I’ve spent the last week and a bit positively melting every day, so I’m really hoping that Ned Stark’s meteorological promises turns out to be true soon. Alas, it seems that it will be some time still before winter comes again, but it will be much less time before the next season of Game of Thrones hits our screens. The award-winning HBO fantasy drama is scheduled to resume in April, where it will set out to answer a couple of major lingering questions. The biggest more than likely concerns the fate of Jon Snow, but there’s another concerning another of Ned Stark’s progeny: Whatever happened to Bran Stark?
Last time we saw Bran – played by then actor 14-year old actor Isaac Hempstead-Wright – was way back in season 4, when he had found the mystical Three-Eyed Raven north of the Wall along with the assistance of the Jojens and Hodor, and the Raven informed him that he would fly.
And it appears he has ascended… at least as far as height is concerned, as EW revealed the first pic of of a now older – and much taller, nearing six feet – Bran Stark in season 6, confirming that the character would indeed be returning.
While it seemed fairly obvious that Bran would be back, based on the show’s tendency to kill off its characters in the most unexpected ways, it should probably not come as much of a surprise to learn that Hempstead-Wright was pretty apprehensive when he first got the call from showrunners David Benioff and Dan Weiss about the fate of his character post-season 4.
“When I first heard the news Dan and David wanted to have a chat with me, I was like, ‘Oh no!’. Usually that’s to tell you [your character is] dead. So comparatively, missing a season was like, ‘phew!’ “
Benioff and Weiss also revealed the logic behind pushing Bran’s arc off screen for an entire season, as having him being trained by the Raven in some mystical arts just wouldn’t be all that exciting, as Hempsted-Wright explains.
“I would have just been sitting in a cave going, ‘Oh, I can nearly do it now.’ “
The showrunners compare it to how Luke Skywalker also went from newbie Jedi to a full Jedi Knight between the events of The Empire Strikes Back and Return of the Jedi, with the young actor feeling that their approach was “exactly right.”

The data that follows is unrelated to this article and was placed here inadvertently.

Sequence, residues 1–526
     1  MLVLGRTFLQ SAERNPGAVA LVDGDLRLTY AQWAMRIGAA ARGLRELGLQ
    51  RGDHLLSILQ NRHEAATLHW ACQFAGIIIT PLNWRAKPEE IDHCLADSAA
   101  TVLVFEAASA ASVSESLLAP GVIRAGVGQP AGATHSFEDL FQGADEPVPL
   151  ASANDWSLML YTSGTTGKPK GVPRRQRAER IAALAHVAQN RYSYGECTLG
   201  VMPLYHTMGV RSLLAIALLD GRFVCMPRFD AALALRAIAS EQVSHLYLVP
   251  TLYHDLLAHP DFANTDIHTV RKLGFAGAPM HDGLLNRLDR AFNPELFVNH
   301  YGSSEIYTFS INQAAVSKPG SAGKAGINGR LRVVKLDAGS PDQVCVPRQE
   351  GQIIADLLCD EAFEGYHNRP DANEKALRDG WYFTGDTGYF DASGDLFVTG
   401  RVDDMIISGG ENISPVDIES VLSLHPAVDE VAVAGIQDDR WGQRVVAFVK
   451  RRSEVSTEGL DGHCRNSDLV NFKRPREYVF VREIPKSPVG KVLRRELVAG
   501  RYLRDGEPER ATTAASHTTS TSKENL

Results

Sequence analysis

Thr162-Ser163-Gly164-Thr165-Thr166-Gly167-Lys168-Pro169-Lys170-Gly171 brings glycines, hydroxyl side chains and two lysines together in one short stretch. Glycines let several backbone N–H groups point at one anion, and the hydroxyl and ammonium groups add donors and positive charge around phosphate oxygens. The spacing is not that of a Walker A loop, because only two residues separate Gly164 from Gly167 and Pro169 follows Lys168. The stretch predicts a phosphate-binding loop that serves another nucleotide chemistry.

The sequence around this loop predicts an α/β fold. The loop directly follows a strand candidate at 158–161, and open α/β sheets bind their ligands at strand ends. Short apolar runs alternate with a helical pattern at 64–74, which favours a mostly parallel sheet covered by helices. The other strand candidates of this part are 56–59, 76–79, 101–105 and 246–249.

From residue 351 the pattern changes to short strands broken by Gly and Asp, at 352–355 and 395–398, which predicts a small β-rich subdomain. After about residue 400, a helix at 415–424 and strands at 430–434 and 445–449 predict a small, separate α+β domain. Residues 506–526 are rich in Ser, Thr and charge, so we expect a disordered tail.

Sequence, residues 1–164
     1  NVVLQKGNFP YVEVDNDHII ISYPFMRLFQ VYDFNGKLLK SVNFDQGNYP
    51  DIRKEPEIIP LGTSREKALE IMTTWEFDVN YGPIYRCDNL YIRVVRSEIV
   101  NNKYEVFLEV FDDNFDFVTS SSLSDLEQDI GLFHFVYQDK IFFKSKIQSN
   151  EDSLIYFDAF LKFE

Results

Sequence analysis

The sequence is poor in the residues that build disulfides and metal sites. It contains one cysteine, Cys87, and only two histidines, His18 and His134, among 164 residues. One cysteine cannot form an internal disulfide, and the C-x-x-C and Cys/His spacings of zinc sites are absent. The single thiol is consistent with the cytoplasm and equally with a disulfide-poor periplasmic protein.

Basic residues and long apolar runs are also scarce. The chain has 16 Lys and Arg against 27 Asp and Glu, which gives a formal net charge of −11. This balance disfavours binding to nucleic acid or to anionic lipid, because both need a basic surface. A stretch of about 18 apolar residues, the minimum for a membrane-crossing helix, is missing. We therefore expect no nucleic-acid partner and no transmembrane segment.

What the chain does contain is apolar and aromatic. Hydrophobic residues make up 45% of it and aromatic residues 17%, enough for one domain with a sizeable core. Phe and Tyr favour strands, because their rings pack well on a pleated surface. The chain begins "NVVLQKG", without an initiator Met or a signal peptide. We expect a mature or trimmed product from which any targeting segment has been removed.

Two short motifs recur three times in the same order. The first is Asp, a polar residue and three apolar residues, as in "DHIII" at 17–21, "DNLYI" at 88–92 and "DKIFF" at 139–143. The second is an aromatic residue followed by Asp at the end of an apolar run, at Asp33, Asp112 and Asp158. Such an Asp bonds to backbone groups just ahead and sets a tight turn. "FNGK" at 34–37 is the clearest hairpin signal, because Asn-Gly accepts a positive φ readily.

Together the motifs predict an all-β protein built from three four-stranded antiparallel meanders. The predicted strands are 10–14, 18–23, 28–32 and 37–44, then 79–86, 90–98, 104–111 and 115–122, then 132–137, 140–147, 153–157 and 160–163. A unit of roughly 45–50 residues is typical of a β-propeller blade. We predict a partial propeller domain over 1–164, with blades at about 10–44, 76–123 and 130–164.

Another Star Wars connection is of course the Raven himself/itself, portrayed by screen veteran Max Von Sydow, who has just had a small but pivotal role in Star Wars: The Force Awakens. And having an acting legend like Von Sydow playing the role brings a whole new level to it as Hempstead-Wright explains:
“There are certain lines that you think are almost fillers, like, ‘He’s over there,’ but when Max von Sydow says them, he can make it sound like it’s the most important news you’ve ever heard.”
Season 6 of Game of Thrones will have more than just acting veterans in its bag of tricks as well, as this season will now see the narrative jumping around in time thanks to Bran’s burgeoning mystical gifts.
“Previously Bran’s seen tiny glimpses of future or past but never has he been very much in control in the situation. Now we’re given looks into very important events in the past, present and future of this world and Bran is beginning to piece them together like a detective, almost as if he’s watching the show. Equally, he’s now discovering how crucial he could be in the Great War. It’s quite Inception-y.”
Unfortunately, it’s not all good news on the Game of Thrones front though. In a blog post that reads as completely defeated and deflated, author George R.R. Martin has revealed that “Winds of Winter”, the long anticipated sixth novel in the series upon which GoT is based, will not in in fact be ready for publication before the sixth season of the show debuts. Martin is an infamously slow writer, and the show has been rapidly catching up to the books, but it seemed that he was on track with his latest book so as to prevent the weird situation where an adaptation is potentially spoiling details of the source material it is based on. Alas, that is not going to be the case.